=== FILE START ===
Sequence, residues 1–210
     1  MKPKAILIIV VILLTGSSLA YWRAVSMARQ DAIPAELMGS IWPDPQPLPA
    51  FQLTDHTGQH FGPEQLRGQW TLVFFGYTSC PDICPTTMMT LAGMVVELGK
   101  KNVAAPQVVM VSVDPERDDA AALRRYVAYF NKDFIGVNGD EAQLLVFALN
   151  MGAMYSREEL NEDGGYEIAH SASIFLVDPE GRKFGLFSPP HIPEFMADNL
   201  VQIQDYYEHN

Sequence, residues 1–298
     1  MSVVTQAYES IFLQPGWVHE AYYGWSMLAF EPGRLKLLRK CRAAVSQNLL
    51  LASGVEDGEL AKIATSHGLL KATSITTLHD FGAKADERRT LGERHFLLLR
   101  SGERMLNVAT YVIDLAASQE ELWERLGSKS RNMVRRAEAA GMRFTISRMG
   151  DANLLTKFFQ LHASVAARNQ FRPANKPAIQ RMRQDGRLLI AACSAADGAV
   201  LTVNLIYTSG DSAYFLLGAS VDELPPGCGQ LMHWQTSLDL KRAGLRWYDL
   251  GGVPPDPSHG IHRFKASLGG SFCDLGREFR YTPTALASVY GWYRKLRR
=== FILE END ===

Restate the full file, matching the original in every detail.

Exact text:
Sequence, residues 1–210
     1  MKPKAILIIV VILLTGSSLA YWRAVSMARQ DAIPAELMGS IWPDPQPLPA
    51  FQLTDHTGQH FGPEQLRGQW TLVFFGYTSC PDICPTTMMT LAGMVVELGK
   101  KNVAAPQVVM VSVDPERDDA AALRRYVAYF NKDFIGVNGD EAQLLVFALN
   151  MGAMYSREEL NEDGGYEIAH SASIFLVDPE GRKFGLFSPP HIPEFMADNL
   201  VQIQDYYEHN

Sequence, residues 1–298
     1  MSVVTQAYES IFLQPGWVHE AYYGWSMLAF EPGRLKLLRK CRAAVSQNLL
    51  LASGVEDGEL AKIATSHGLL KATSITTLHD FGAKADERRT LGERHFLLLR
   101  SGERMLNVAT YVIDLAASQE ELWERLGSKS RNMVRRAEAA GMRFTISRMG
   151  DANLLTKFFQ LHASVAARNQ FRPANKPAIQ RMRQDGRLLI AACSAADGAV
   201  LTVNLIYTSG DSAYFLLGAS VDELPPGCGQ LMHWQTSLDL KRAGLRWYDL
   251  GGVPPDPSHG IHRFKASLGG SFCDLGREFR YTPTALASVY GWYRKLRR